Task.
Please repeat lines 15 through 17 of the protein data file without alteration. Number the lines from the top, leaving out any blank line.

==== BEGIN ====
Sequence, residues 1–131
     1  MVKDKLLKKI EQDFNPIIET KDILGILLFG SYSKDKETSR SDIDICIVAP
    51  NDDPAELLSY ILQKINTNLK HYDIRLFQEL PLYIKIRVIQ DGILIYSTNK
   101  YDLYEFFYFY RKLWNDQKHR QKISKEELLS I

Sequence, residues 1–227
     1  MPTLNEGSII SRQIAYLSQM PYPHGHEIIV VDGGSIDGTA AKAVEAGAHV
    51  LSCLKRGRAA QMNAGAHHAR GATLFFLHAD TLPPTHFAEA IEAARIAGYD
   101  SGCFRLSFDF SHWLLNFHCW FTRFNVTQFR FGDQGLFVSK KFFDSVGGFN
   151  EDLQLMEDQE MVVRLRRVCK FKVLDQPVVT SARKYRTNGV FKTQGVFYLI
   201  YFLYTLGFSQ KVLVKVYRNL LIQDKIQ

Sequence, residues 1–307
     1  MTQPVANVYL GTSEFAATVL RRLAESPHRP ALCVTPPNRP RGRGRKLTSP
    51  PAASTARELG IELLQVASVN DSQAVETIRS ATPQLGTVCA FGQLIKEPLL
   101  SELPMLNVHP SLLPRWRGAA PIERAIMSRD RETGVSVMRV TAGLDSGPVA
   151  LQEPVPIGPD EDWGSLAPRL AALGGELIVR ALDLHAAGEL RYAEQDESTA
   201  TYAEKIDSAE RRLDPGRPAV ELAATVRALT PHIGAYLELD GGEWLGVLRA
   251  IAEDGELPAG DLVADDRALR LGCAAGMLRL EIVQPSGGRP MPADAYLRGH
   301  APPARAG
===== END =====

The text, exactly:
   151  LQEPVPIGPD EDWGSLAPRL AALGGELIVR ALDLHAAGEL RYAEQDESTA
   201  TYAEKIDSAE RRLDPGRPAV ELAATVRALT PHIGAYLELD GGEWLGVLRA
   251  IAEDGELPAG DLVADDRALR LGCAAGMLRL EIVQPSGGRP MPADAYLRGH